"It is common with a class of masters (said my informant) to use a false size measure stick; not above three masters use the recognised stick. To show how injurious the false size stick is to the journeyman, I will state this: a 'fives' in the fair size stick appears a 'threes' by the false one; for the pair of 'fives' in a fair measuring shop the workman receives 2s. 3d. wages; at the shop where the false size stick is used he receives 1s. 6d. Calculate each workman to make five such pairs a week, and he loses 9d. on each pair, that is 3s. 9d. a week, or £9 l5s. a year. Two shops that I know employ at least six men each on this fraudulent size stick; so that each master defrauds the six men out of £58 10s. every year; and the pair of masters clear £117 between them. Now, sir, take a closer's case. For closing bluchers, by the true measure, he gets 5d. a pair, and four pairs a day will be 10s. a week. By the false size stick he gets only 4½d. a pair, or 9s. a week at the same extent of labour. My employer, an honourable tradesman, finds grindery and pays 2s. 3d. a pair (where the fraudulent size stick men pay is. 6d.), and yet sells his shoes, and they're better made shoes, at the same rate as they do. This fraudulent system cuts two ways; it robs the journeyman first, and then the customer. Many men thus employed are indifferent workmen, and feeling themselves wronged, they slim' the work by way of revenging themselves, and soit wears badly, and the poor man who buys it is victimised. All the profit from these frauds go into these masters' pockets; the public gain nothing; the employers sell no cheaper. By the 'false' size stick system, one master has realized a handsome country house. His system is to attack his men's wages every winter. He has done so this year. Now, as to the footing - known in the trade as new new-footing - there was, six, or seven years ago, a great demand for footed' boots, and indeed there is still. Formerly the legs of the new-footed were old ones, but now they are all new leather, joined across the front. The reason of this is because the wages paid for new footing are only 1    s. 7d., whereas, if closed in the regular way of new boots, the workman would receive 2s. 6d. a pair; the dishonourable' master coolly, and often before a man's face, runs his knife across the front of the leg, and then calls it new new-footing, and the closer has the additional trouble of closing the cut part, and receives ls. 7d. - lid, less than if they had not been cut. The master oft enough sells them for new boots, and so again the public is not benefited by the workman being robbed. Now, one master practises this system - say four pairs a week, or 200 pairs a year - and so robs his closer of more than £9 every year by that plan alone. He has security from each man - 20s., stopped at ls. a week, as long as the man stays.''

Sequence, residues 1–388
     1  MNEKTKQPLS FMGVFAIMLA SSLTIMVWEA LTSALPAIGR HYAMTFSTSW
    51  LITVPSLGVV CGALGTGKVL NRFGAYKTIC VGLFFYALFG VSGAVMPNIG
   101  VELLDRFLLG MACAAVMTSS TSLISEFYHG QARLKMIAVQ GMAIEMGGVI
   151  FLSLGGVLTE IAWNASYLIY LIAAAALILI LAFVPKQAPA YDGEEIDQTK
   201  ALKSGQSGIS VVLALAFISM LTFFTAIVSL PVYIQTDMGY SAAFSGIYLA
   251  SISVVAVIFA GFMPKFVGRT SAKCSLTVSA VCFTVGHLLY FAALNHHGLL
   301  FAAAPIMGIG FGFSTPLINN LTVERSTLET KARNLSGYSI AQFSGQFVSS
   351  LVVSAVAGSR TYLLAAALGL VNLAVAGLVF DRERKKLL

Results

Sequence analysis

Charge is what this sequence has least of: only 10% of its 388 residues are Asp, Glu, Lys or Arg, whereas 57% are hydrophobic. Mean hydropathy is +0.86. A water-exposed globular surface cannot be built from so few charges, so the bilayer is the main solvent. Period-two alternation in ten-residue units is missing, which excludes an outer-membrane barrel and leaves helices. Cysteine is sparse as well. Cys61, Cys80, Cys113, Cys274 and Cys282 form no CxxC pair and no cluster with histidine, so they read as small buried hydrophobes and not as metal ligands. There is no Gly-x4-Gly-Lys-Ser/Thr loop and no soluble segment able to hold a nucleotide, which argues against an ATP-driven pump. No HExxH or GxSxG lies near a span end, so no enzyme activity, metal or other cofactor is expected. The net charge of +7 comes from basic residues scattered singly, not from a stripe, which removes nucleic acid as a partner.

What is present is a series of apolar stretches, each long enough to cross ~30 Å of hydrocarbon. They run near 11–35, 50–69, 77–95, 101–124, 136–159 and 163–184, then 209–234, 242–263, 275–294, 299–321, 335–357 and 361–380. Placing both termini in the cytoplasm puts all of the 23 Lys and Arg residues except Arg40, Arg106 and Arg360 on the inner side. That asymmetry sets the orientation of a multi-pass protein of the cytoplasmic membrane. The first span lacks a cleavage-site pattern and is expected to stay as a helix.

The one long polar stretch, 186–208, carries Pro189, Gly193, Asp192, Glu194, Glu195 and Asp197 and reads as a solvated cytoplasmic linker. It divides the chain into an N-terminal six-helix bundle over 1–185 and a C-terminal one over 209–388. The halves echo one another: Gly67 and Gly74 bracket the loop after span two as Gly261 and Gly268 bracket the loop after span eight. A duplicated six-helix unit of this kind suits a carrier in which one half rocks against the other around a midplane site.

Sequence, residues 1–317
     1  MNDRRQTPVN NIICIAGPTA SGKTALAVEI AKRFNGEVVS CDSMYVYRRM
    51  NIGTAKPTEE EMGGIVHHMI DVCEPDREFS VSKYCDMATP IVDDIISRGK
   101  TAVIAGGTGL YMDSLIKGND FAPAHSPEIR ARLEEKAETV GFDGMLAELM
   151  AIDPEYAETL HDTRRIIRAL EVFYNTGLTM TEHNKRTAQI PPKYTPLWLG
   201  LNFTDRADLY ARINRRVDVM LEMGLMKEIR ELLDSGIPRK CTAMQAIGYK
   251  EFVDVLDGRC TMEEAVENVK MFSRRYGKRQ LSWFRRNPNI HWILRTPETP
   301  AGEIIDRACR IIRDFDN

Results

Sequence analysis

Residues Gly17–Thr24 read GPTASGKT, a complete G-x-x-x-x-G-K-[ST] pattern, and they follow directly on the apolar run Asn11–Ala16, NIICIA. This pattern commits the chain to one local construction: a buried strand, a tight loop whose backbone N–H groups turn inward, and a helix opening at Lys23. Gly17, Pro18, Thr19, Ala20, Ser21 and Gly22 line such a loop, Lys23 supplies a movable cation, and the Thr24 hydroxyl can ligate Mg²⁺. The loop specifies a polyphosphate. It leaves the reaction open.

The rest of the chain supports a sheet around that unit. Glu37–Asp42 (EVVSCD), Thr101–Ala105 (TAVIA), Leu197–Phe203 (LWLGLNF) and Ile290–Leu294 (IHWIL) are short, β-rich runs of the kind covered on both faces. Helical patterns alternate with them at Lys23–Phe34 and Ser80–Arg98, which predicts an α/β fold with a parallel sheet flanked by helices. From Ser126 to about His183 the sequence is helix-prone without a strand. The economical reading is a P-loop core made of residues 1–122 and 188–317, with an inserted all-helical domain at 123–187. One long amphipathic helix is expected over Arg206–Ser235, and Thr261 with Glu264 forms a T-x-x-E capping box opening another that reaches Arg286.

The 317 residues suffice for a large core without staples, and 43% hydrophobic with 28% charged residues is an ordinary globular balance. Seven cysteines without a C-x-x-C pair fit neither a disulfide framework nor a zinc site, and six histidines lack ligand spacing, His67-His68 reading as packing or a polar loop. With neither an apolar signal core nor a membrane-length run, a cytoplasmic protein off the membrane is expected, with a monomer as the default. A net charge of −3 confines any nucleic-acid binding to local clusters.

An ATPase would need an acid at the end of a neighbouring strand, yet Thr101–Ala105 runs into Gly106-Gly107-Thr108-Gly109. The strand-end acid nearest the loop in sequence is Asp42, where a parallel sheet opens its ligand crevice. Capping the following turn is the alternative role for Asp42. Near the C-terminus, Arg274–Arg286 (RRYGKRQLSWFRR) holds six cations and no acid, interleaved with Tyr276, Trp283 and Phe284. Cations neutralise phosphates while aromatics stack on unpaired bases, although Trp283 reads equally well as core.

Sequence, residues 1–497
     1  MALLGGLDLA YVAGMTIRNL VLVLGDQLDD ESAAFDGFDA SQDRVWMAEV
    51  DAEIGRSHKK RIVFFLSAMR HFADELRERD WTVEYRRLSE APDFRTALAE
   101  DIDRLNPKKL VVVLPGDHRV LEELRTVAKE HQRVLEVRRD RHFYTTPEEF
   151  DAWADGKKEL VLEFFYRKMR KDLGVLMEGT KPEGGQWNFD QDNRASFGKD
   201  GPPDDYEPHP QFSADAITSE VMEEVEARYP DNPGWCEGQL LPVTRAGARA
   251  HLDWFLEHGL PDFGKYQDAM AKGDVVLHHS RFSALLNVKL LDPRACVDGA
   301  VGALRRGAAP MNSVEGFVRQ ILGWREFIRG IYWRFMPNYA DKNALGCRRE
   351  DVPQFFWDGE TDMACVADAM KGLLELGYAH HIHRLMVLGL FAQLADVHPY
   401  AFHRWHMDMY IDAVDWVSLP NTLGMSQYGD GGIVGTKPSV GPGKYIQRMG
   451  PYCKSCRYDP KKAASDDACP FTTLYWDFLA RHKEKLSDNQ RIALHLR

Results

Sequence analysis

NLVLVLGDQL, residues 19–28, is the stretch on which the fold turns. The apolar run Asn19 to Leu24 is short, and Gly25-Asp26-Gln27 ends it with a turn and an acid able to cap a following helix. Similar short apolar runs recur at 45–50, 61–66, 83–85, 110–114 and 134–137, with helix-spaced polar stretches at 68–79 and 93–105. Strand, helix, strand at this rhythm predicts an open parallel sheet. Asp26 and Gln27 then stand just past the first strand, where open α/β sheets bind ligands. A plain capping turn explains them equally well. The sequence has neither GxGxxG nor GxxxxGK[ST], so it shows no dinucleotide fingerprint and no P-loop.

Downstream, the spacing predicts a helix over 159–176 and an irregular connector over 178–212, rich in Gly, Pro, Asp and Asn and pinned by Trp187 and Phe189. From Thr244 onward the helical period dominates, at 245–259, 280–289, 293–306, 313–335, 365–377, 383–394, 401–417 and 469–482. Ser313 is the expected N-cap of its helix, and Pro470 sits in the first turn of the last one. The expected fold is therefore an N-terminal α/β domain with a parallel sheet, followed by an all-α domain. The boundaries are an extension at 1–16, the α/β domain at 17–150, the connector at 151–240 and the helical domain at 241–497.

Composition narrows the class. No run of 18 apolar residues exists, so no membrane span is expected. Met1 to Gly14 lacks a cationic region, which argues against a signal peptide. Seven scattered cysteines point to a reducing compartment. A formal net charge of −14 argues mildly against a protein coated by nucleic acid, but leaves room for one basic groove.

Frauds as injurious as the above, both to the workman and the customer, are practised by the cheap masters in the lighter descriptions of work as well. Among the most glaring of these impositions are the "mock double sales" in the women's trade, and the "false spring heels" in the men's trade.